Hydroplaning is one of the threats that drivers should always watch out for during the rainy season. When the tires encounter more water than they can handle, the water pressure in the front of the tire pushes water underneath, forming a thin layer of water between the tires and road. The tires, in effect, float above the road and thus lose traction. Hydroplaning can cause the car to skid or slide uncontrollably.

Drivers should know that the first 10 minutes of rainfall pose a greater risk than any other period. The reason is that the water immediately mixes with the oil residue on the road and creates a slippery surface, whereas after that 10-minute period the water will begin to wash away the residue. Not all the residue will disappear, so drivers must be careful at all times, slowing down and avoiding large puddles.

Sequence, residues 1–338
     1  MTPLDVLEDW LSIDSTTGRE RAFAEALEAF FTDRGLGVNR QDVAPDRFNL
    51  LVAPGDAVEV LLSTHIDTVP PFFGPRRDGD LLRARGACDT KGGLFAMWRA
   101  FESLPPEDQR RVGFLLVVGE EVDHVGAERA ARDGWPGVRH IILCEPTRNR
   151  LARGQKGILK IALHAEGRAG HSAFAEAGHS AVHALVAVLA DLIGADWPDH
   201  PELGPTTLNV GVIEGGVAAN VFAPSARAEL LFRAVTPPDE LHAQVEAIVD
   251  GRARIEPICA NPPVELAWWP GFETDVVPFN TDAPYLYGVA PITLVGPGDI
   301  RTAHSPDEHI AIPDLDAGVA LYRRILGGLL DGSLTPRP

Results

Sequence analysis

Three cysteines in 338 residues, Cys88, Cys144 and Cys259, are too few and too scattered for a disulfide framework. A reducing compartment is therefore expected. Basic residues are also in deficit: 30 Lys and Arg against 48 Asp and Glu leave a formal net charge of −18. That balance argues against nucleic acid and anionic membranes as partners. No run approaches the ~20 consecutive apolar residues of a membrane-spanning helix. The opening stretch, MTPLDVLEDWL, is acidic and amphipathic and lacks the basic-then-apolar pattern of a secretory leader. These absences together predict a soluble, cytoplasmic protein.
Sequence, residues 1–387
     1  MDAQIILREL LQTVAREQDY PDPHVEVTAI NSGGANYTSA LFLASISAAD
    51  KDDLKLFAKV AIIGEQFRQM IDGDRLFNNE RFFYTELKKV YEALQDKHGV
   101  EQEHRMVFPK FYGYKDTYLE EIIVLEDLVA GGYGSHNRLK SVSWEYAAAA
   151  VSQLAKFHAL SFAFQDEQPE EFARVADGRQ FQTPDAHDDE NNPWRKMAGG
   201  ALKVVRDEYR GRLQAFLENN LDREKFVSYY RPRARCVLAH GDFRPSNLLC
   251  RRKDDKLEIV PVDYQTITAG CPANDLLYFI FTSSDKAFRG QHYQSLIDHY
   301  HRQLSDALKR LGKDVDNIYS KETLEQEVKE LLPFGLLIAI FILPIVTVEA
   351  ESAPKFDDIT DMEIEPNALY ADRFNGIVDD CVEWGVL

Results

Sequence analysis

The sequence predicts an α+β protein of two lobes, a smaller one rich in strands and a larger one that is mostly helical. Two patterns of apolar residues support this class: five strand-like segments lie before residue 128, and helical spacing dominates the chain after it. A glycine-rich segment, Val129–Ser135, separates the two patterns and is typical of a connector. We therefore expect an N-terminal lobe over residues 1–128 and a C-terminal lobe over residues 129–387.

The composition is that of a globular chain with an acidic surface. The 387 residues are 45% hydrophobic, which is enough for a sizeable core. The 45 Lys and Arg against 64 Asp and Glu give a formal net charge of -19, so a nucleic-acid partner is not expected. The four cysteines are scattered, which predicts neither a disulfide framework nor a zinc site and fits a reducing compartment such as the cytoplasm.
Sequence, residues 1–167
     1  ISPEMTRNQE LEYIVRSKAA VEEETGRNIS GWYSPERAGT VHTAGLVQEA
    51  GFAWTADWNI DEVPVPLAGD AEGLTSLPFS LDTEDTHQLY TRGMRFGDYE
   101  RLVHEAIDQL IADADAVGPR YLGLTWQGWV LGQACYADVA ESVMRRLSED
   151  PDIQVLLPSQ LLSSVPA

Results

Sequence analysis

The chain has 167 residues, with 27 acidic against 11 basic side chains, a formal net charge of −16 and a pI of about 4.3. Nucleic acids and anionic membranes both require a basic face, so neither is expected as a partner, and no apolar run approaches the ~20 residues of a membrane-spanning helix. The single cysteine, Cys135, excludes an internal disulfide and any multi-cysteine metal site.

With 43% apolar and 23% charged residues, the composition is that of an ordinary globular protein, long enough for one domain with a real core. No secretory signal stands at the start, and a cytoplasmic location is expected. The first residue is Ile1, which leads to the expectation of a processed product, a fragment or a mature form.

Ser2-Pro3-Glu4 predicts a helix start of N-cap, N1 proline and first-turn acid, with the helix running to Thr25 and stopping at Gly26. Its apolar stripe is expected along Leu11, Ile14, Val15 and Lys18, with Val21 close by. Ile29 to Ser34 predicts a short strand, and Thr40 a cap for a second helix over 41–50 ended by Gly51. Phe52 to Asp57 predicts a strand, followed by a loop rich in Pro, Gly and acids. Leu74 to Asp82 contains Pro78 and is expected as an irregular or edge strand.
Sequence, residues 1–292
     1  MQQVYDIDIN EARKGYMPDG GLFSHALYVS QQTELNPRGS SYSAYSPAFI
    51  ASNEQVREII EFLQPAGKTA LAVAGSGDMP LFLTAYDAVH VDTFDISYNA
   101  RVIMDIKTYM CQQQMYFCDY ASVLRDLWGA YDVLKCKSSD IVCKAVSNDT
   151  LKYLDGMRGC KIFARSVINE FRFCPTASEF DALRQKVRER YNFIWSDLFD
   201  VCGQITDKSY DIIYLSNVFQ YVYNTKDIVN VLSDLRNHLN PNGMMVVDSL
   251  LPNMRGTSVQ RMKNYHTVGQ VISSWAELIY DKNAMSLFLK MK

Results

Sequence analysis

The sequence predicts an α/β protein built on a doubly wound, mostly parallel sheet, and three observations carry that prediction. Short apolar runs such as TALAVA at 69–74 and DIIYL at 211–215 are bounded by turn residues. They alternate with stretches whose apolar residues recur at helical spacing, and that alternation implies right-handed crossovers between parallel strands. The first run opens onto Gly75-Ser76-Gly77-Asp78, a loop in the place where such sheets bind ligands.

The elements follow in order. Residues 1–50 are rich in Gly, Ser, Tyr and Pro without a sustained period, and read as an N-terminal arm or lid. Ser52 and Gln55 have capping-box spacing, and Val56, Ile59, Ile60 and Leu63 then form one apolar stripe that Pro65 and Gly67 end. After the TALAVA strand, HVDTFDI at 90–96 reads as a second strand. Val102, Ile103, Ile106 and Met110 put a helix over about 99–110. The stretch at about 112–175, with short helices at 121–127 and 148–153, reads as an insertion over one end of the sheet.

Safe driving will not always prevent hydroplaning, so drivers should know how to react if it occurs. First of all, they should avoid applying the brakes; to do otherwise will cause the car the skid and lose even more control. Second, they should turn into the slide, that is, in the same direction that the vehicle’s rear is pointing. They must do this until the vehicle realigns itself and they regain control, after which they can pull over.

Drivers are sometimes to blame for hydroplaning incidents, for example by letting the tread on their tires wear down. When negligent acts behind the wheel or negligent maintenance contribute to a car accident, the victim may be eligible for compensation. According to the rule of contributory negligence, victims must prove that the other side’s negligence was greater than theirs; otherwise, they cannot receive damages. A lawyer might assist with the filing and even handle negotiations with the other side’s auto insurance company.